Alice's Adventures in Wonderland begins:
"Alice was beginning to get very tired of sitting by her sister on the bank and of having nothing to do ... when suddenly a White Rabbit with pink eyes ran close by her. There was nothing so very remarkable in that ... but, when the Rabbit actually took a watch out of its waistcoat-pocket, and looked at it, and then hurried on, Alice started to her feet, for it flashed across her mind that she had never before seen a rabbit with either a waistcoat-pocket, or a watch to take out of it, and burning with curiosity, she ran across the field after it, and was just in time to see it pop down a large rabbit-hole under the hedge. In another moment down went Alice after it, never once considering how in the world she was to get out again."

Many biographers have made out Carroll to be a shy, awkward recluse who was only comfortable around young girls—but he was actually charming and sociable. Even though he never married, many of his friends were young women, and he wrote several love poems to them. He loved to hold dinner parties, and even made detailed charts of where his guests sat at the table and what they had to eat. He often went to the theater and to art exhibitions, and he took an extensive tour of Russia with his friend. He also wrote about 97,000 letters in his lifetime, as well as a pamphlet called "Eight or Nine Wise Words about Letter-Writing." He once said, "I'm beginning to think that the proper definition of 'Man' is 'an animal that writes letters.' " By the end of his life he was something of a celebrity, and he grew tired of all the admirers and autograph hunters who wanted to meet him.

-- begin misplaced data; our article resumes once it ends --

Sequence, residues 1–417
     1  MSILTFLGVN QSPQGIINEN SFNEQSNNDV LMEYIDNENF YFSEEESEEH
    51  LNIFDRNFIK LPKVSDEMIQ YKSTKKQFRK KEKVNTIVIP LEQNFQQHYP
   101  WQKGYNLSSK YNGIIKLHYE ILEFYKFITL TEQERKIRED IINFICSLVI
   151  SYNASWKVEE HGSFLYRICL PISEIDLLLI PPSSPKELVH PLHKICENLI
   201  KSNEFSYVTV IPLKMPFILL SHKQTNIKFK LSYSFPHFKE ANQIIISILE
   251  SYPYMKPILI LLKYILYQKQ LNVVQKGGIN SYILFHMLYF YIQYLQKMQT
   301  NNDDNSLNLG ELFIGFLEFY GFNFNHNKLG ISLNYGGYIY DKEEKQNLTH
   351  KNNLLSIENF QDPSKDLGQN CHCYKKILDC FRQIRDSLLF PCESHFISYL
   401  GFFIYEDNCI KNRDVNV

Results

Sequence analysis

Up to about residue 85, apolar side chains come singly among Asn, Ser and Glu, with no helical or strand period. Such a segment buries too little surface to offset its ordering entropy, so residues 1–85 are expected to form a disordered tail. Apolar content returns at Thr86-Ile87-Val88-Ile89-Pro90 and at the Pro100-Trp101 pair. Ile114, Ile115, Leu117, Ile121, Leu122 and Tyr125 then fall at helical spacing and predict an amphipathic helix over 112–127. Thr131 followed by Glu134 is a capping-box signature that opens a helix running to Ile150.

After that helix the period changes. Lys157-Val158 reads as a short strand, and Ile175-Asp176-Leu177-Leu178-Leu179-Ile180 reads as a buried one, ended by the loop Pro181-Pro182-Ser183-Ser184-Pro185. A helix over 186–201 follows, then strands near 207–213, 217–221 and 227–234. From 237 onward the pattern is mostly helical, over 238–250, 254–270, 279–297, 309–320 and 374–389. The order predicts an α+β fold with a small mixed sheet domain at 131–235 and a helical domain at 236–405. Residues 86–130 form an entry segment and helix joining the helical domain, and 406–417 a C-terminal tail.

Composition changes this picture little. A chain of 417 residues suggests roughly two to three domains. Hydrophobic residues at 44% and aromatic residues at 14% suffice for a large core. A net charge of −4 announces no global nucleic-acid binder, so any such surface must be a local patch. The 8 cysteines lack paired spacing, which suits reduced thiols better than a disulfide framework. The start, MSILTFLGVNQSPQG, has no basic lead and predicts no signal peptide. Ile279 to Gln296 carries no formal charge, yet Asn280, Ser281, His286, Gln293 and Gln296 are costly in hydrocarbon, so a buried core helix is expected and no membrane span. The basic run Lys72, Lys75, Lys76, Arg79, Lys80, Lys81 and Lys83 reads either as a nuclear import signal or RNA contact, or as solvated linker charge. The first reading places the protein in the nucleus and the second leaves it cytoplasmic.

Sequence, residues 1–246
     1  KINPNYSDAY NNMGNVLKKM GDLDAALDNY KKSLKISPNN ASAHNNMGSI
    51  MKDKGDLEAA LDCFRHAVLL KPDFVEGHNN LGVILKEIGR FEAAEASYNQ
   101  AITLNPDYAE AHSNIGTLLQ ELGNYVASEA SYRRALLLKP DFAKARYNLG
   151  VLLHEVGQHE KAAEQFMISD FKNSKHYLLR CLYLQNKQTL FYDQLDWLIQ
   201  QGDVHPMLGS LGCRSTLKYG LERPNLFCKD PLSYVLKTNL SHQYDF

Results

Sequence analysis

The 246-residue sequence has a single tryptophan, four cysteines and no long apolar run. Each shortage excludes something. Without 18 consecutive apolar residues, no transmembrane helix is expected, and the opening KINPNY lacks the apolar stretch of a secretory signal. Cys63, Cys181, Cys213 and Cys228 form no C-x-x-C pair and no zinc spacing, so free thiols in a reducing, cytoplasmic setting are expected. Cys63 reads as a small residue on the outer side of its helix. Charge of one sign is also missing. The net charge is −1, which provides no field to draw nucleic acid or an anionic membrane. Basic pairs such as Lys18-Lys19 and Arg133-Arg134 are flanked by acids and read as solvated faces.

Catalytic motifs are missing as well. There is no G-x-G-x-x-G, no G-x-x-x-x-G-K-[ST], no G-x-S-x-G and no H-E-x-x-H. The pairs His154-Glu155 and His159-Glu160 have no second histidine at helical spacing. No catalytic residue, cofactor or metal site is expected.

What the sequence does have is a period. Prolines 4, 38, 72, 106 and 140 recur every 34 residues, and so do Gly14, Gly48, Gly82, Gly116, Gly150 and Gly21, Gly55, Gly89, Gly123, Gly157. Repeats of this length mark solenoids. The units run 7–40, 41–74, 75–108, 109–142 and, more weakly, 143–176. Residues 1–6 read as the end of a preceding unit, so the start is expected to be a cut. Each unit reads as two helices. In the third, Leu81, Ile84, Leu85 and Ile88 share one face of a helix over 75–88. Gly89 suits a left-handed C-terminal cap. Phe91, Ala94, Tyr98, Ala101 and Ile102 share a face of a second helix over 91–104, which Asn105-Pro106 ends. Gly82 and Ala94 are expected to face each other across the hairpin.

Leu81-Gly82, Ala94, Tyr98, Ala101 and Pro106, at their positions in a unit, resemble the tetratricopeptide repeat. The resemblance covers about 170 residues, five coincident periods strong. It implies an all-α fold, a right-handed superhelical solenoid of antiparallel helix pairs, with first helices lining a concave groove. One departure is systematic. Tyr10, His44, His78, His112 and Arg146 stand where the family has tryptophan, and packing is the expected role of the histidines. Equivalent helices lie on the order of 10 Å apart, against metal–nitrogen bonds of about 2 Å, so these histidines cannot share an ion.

It's the birthday of Wolfgang Amadeus Mozart, born in Salzburg, Austria (1756). His whole life was devoted to music. He was a child prodigy: by the time he was five he could perform difficult pieces on both piano and violin. He wrote his first symphony before the age of ten. Mozart's father quit his job so he could take him and his sister all around western Europe. They played for dukes and duchesses, and kings and queens, often giving two performances per day, each one two or three hours long. Mozart could play whatever piece of music was put in front of him, and he performed tricks like playing the piano with a piece of cloth covering his fingers so that he couldn't see the keyboard. It was like a traveling circus: people came more for the spectacle than the music. An English newspaper began a story, "The greatest Prodigy that Human Nature has to boast of is the Little German boy WOLFGANG MOZART."

Mozart made a name for himself as a composer when he was in his teens. He wrote dozens of sonatas, concertos, and symphonies—but his great ambition was to write operas. He wrote some of the most popular operas of all time, including The Marriage of Figaro (1786), Don Giovanni (1787), and The Magic Flute (1791).